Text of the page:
Get on the Bus New York isn't just a location in Bennett Miller's documentary The Cruise; it's more like a central character with whom Miller's protagonist, Timothy "Speed" Levitch, has a consuming love-hate affair. Levitch is a garrulous double-decker tour bus guide, a couch-surfing philosopher whose diatribes ("Note the commuters running toward their destinations and away from themselves. This is ludicrousness and this cannot last") are cut with expertly timed tour-guide banalities ("The new Ann Taylor store is coming up on the right"). Levitch's extended monologue was too much for some filmgoers to take, but others found his stories, laden with historical tidbits and fanciful embellishments, compelling enough to give The Cruise the Audience Award at last year's Newport International Film Festival. Miller and Levitch talk about indie filmmaking and the Big Apple at "The Cruise: Visions of New York," part of the spring lecture series "American Cities in Literature and Film: Urban Spaces, Social Values." The talk begins at 7 p.m. at McLaren Center, Room 250, USF campus, Golden Gate between Parker and Masonic, S.F. Admission is free; call 422-6417.
Bless You Grim as some of Anton Chekhov's work may be, the Russian playwright had a fun-loving side that the People's Republic of Chekhov would like us to know better. They'll be staging The Sneeze, a collection of Chekhov's best-known short pieces and adaptations of his comic fiction, compiled by Noises Off playwright Michael Frayn. The creator of moody, complex classics like Uncle Vanya and The Cherry Orchard could have used some comic relief, certainly; he wrote his first comedies under a pseudonym to put himself through medical school, but the strain of two careers (as he wrote to a friend, "Medicine is my lawful wife and literature is my mistress") was partially responsible for his contracting TB, which troubled him until his death at age 44. If gloomy Russian winters and cholera epidemics fueled Chekhov's dramatic works, Russian bureaucracy and human folly informed the lighter side. The Sneeze previews at 8 p.m. (and runs through May 1) at Exit Stage Left, 156 Eddy (at Taylor), S.F. Admission is $8-12; call 339-7819. (Expect April to end on a Chekhovian note as well: The Custom Made Theater Company will stage Orchards, a collection of one-acts based on Chekhov short stories, created by modern playwrights including David Mamet and Wendy Wasserstein. It begins April 30 at the Bannam Place Theater. Call 395-8314 for more information.)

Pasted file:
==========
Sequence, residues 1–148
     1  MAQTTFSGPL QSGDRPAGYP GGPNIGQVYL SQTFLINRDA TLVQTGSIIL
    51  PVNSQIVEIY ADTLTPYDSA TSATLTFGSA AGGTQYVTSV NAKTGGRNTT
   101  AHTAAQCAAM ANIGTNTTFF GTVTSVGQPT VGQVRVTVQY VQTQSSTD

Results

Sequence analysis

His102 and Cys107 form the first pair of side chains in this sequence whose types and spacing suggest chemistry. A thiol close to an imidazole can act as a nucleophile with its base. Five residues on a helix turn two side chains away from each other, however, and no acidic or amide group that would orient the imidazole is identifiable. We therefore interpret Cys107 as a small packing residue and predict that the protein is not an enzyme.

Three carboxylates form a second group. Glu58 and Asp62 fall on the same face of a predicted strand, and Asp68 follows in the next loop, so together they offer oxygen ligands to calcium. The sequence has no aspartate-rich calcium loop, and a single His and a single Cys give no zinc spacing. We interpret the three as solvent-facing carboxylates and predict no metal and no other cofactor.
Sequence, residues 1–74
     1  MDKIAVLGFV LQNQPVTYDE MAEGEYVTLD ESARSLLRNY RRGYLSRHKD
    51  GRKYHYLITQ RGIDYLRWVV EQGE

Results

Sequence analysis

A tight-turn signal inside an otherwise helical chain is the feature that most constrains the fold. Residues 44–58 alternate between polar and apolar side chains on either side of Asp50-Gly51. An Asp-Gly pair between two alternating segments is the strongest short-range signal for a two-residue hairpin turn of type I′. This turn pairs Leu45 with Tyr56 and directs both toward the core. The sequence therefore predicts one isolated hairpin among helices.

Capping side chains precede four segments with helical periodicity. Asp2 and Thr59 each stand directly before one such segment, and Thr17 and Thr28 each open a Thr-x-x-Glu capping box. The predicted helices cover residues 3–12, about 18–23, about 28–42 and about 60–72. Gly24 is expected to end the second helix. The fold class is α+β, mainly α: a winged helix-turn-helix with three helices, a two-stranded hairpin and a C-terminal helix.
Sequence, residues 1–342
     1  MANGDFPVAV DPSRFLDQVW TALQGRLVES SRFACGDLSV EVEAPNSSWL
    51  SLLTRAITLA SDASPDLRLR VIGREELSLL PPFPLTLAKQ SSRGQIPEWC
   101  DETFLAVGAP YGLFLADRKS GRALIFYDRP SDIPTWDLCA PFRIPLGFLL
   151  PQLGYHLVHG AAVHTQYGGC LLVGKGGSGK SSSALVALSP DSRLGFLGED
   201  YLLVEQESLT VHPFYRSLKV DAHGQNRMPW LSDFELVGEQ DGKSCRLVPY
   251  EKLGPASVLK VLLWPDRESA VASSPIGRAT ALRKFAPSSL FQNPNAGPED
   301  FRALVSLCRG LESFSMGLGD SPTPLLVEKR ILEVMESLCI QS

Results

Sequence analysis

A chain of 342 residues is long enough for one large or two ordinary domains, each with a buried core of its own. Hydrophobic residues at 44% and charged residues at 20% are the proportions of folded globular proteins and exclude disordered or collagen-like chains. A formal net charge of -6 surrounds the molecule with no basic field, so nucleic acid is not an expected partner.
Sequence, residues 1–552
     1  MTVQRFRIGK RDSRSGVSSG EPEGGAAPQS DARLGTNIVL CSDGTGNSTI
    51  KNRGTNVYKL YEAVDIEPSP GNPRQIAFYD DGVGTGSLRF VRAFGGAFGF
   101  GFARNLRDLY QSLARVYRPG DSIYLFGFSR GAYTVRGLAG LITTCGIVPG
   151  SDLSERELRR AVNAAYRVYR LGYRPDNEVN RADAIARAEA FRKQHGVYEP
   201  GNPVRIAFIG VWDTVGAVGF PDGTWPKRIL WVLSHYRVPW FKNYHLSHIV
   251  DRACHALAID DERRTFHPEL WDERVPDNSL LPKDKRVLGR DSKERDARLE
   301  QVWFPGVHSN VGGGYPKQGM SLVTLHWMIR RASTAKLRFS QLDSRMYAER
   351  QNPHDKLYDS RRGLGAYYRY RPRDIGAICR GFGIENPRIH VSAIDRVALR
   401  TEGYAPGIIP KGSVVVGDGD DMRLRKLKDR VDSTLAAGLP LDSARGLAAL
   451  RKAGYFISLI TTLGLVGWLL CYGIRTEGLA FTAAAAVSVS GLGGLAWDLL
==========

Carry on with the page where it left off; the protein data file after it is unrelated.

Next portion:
Eight Is the Magic Number Club Cocomo is a strange and unusual place. Located just off the bay in Potrero's industrial hinterlands, the space is banked by a garden, tiki torches, a strip of green, and a smattering of old cars. The venue's expansive booking policy allows for salsa lessons and the occasional wake, all taking place under the glassy gazes of life-sized stuffed sheep and a lone yak. Tonight, in this unique setting, Cocomo is presenting "The Rock Never Stops!" -- eight bands for eight bucks, plus an Indian food counter, a little psychedelic grooving out in the back yard with DJ Neil N. Kizmaiazz, and cosmic visuals from the Werepad. JoJo and MK Ultra draw listeners in with wistful pop, while Wilson Gill & the Willful Sinners put a punk spin on honky-tonk; Oranger, Capsule, Dixie Star, the Manchester 5, and John Malady join in. The show starts at 8 p.m. at Club Cocomo, 650 Indiana (at Mariposa), S.F. Admission is $8; call 648-5656, ext. 2.
Ah, Wilderness! Bikers will be keeping one eye on the sky and one eye on the highway during "Biking for the Birds," a leisurely tour led by the Audubon Society and sponsored by the San Francisco Bicycle Coalition. This flat, 10-mile ride rolls past scenic Bay Area spots en route to Arrowhead Marsh, a newly developed Alameda island wildlife refuge; riders will learn about the migration patterns of birds traveling the Pacific flyway, and witness the mating plumage of birds like the horned grebe, which sheds its drab winter ensemble in favor of deep crimson head feathers accented by gold tufts. The search for raptors and snowy plovers concludes with a naturalist-guided stroll through Crab Cove and the adjacent mud flats. The convoy begins at 9:30 a.m. at 1095 Market, above San Francisco's Civic Center BART station, and rolls by rail to the Oakland Coliseum BART station, where it picks up East Bay bicyclists at 10:15. Riders should bring lunch, liquids, and binoculars. Admission is free-$5; call 431-BIKE. That bit of exertion will seem mild compared to the exploits captured by the Banff Mountain Film Festival World Tour. Bikers who spend the rest of the day in the East Bay can look forward to a night of outdoor thrills and spills as experienced by sporting extremists. Look for kayakers plunging down Icelandic waterfalls and English climbers scaling Switzerland's Pennine Alps with their bare hands. Grandpa's in the Tuff Shed, meanwhile, offers a bit of levity, as a Colorado town debates what to do with a cryogenically frozen man after his mountain-climbing grandson is deported to Norway. The festival begins at 7 p.m. at Wheeler Auditorium, UC Berkeley campus. Admission is $10-12; call (510) 527-7377.
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